But why can't Gnome and KDE run faster? Sure they're intended to run on fast computers these days, but is that a good excuse? Windows(R) is STILL much faster!

[edited by - BradDaBug on June 4, 2003 5:41:48 PM]

Share this post


Link to post
Share on other sites
someone should write a "gtk-light" that cuts out piles of thick steamy fat. like themeability. and pixmap widgets.

the library should be no bigger than 32KiB... i think its possible..

Share this post


Link to post
Share on other sites
quote:
Original post by BradDaBug
It seems I''m going to be installing Linux on a bunch of computers at an elementary school, and those computers are OLD (i think 133 MHz old).
Why are you installing Linux at an elementary school, in the first place? Linux is not a desktop OS (alright, not yet).

quote:
These kiddies are gonna be learning Linux, and I''d like to let them see something on the screen other than text. These kiddies are used to Windows, and if they only see Linux as a stupid command line platform, well that does more harm than good.
No, teaching them Linux as a "Windows replacement" does more harm than good. The benefits of Linux come from its Unix underpinnings. Why not give them a minimalist UI, but teach them Unix philosophy and principle, showing them how much they can accomplish with the system. Virtual terminals, process control, piping and redirection, assembling simple commands into powerful tools via the shell. You could write a bunch of simple command-line graphics tools and let them combine them in interesting ways - one could extract frames/cells of animation from a bitmap file (provide a template bitmap file) and generate several bitmaps; another could take a series of bitmap files and delta encode them into an animation file while the last one could compress the animation file and turn it into a self-executing binary. You could write them in a "scripting language" so that they can take the tools from machine to machine and run almost immediately.

There''s a whole lot of stuff worth teaching about how Linux differs from Windows, and those things are worth emphasizing or exaggerating to make more apparent.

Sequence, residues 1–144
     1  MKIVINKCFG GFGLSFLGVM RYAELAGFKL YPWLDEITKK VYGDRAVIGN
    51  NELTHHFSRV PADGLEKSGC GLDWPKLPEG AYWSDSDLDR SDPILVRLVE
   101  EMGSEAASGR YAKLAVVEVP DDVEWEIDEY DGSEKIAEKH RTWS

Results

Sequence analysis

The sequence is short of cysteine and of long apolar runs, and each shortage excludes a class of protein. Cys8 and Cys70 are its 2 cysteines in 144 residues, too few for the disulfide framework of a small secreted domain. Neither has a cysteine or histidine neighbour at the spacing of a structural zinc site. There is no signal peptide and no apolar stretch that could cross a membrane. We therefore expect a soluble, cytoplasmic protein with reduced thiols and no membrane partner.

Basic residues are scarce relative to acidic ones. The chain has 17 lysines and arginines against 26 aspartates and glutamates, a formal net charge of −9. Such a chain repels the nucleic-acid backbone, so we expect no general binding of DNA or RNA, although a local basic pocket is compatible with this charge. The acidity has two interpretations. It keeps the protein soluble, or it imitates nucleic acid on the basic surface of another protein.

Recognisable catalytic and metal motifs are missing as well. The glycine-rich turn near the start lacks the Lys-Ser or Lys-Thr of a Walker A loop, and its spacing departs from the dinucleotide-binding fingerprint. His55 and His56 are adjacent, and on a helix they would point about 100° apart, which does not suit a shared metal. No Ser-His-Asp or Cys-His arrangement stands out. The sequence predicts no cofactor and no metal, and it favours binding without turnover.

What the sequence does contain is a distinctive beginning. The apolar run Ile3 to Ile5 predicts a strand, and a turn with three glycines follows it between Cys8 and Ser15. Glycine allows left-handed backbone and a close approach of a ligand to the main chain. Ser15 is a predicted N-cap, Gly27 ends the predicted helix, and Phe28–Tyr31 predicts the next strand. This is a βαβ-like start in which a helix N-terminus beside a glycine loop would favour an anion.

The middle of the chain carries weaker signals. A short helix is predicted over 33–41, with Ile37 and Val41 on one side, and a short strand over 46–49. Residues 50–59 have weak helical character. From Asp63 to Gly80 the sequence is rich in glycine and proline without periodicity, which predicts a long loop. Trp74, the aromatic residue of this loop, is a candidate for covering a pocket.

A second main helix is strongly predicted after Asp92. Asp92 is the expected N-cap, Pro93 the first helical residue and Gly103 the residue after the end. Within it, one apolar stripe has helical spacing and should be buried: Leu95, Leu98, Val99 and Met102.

Share this post


Link to post
Share on other sites
One thing to consider is installing Linux as a thin client, and using X redirection to display sessions from a single powerful server. Single instancing (that is, when multiple users run a program it only sits in RAM once - except for bits that have to be different, such as the actual document being worked on, etc.) makes this really efficient, and X is designed with this in mind.

There are some websites/distros out there to help you with this:
http://www.k12ltsp.org/

You can do this with just about any *NIX (and even Windows, via Terminal Services). You can even use Windows (even 3.1!) and Macs as thin clients if you want to, via X-Window display software.

Share this post


Link to post
Share on other sites
I agree with the idea of not teaching them that linux is a windows replacement.

As for a light weight wm that will look like windows and run on 133 mhz systems. I use IceWM in my two laptops. 133 and 166mhz systems with 48 M ram. What typically slows it down is if I run something that used any kde or gnome stuff. then the memory get''s gobbled up fast and the disk cashing kills performance.

The only thing Ice needs to make it totaly like windows would be the ability to put icons on the desktop. Other than that it looks pretty much like windows. one of the theams that comes with it even has the windows start button!

Share this post


Link to post
Share on other sites
Guest Anonymous Poster
**** WARNING ******

Potentially unpopular opinion

**** WARNING *******



You are running RedHat aren''t you???

Comparing SuSE, Mandrake, Debian (w/ XF86 4.3 + GNOME 2.2 + KDE 3.x), Slackware, and RedHat 7.3, 8.0, and 9.0... RedHat is the slow beast of the group, in fact Slackware 9 is about 150 percent faster running the same version of X and the same versions of GNOME and KDE.

About version 7.3, RedHat became bloat-ware, and I have not used it since except to install it to show people why we are using Debain and Slackware in our shop...

Sorry if that offends someone of the die-hard RH camp...

Share this post


Link to post
Share on other sites
You mean me? I use Mandrake.